Adventure 001

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Adventure 001

Post by Lykaios on Mon 26 Jul - 13:44


Theme Horror
This type of adventure is designed to scare both the characters and the players. Just having a monster attack is not enough for a horror theme; the monster must first frighten the characters.
Goal Rescue NPC(s)
The characters must rescue one or more kidnapped NPCs, probably from the stronghold of the kidnapper. Obviously, they must get to said stronghold, break in, rescue the kidnappee, break out, and escape back to safety; this usually requires careful and clever planning and a large dose of luck.
Story Hook Mystery Woman
Create an NPC "mystery woman" sure to be fascinating to your hero and have her keep appearing inexplicably in his life. As he becomes interested and investigates her, he keeps stumbling across the villain's plans and becomes inextricably mired in the plot. (For female player-characters, the Mystery Man is just as useful.)
Plot Accumulation of Elements
In this sort of plot, the heroes have to go from place to place -- perhaps covering very little area like a city, perhaps roaming the known world -- and accumulate elements to be used against the Master Villain. These elements may be clues, pieces of an artifact, evidence, or allies.
Climax Chase to Ground
First, you have the Heroes Chasing the Villain. The villain, after a series of encounters with the heroes, is running to safety, to some place where he can acquire more power, or to somehwere he can accomplish some dread purpose such as assassination or mass murder. The heroes chase him, have to deal with the obstacles he leaves behind, and finally catch up to him before or just as he reaches his goal. Here, we have the final duel between the villains forces and the heroes. Second, you have the Villain Chasing the Heroes. Often, in a story like this, the heroes have found out how to defeat the villain -- such as getting to a particular temple and conducting a particular ritual. The villain chases them all through their quest, catching up to them just as they're commenciing their ritual; they must, with heroic effort, conclude the ritual while suffering his attacks. Third, you have the Master Villain's Sudden Escape Attempt. This takes place in adventures where the Master Villain's identity is unknown until the end. His identity is revealed and he makes a sudden bolt for freedom; the heroes give chase. This usually results in a dangerous foot-chase through nasty terrain -- such as across rooftops, through the dungeons, or across an active battlefield.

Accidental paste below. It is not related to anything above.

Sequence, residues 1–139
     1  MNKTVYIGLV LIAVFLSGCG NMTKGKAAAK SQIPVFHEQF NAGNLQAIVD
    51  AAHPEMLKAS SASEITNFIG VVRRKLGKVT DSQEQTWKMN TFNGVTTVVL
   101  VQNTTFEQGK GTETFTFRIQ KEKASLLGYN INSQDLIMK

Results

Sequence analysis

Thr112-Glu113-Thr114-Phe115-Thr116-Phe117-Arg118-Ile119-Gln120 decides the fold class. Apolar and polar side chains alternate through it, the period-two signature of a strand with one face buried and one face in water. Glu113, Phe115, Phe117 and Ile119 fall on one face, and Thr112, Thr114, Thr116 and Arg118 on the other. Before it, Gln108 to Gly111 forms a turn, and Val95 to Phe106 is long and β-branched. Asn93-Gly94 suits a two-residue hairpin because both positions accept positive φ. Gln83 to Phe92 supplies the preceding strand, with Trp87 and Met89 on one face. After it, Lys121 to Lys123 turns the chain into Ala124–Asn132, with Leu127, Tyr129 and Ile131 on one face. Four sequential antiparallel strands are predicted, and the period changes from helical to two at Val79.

General Setting Under the Ground
In this variety of adventure, the heroes descend into vast cavern networks beneath the earth's crust. There, they can encounter bizarre races and primitive tribes, hitherto-unknown monsters and strange landscapes.
Specific Setting I Classic Dungeon
This would be the standard monster-filled labyrinth; perhaps it's a nesting ground for the master villain's monster troops.
Specific Setting II Military Encampment
This is best used in an episode involving warfare; it could be the good-guy army's encampment, from which the heroes launch their adventures, or the villains' encampment, in which case the heroes might have to sneak in on a mission or escape from it if they're captured.
Master Villain Sufferer
This Master Villain disguises himself as some other sort of villain. Long ago, he was given an ugly curse -- he longs for death but can never die unless slain by heroes unaware of his curse. (Naturally, the way the curse works, he has to defend himself when attacked by the heroes.) So this villain works hard to make sure the best heroes in the world have sufficient cause to want to come and kill him. He'll insult them, ruin them, kidnap or murder their loved ones, whatever it takes to bring them against him. Often, he can only die -- his curse can only be undone -- in one specific holy place, so he'll have to lure the heroes to that place to face him. If the heroes are doing research on the villain all this time, they may find out his secret, leading to a sad and painful end to the episode as the unkillable villain has to leave and find someone new to kill him.
Minor Villain I Lovable Rogue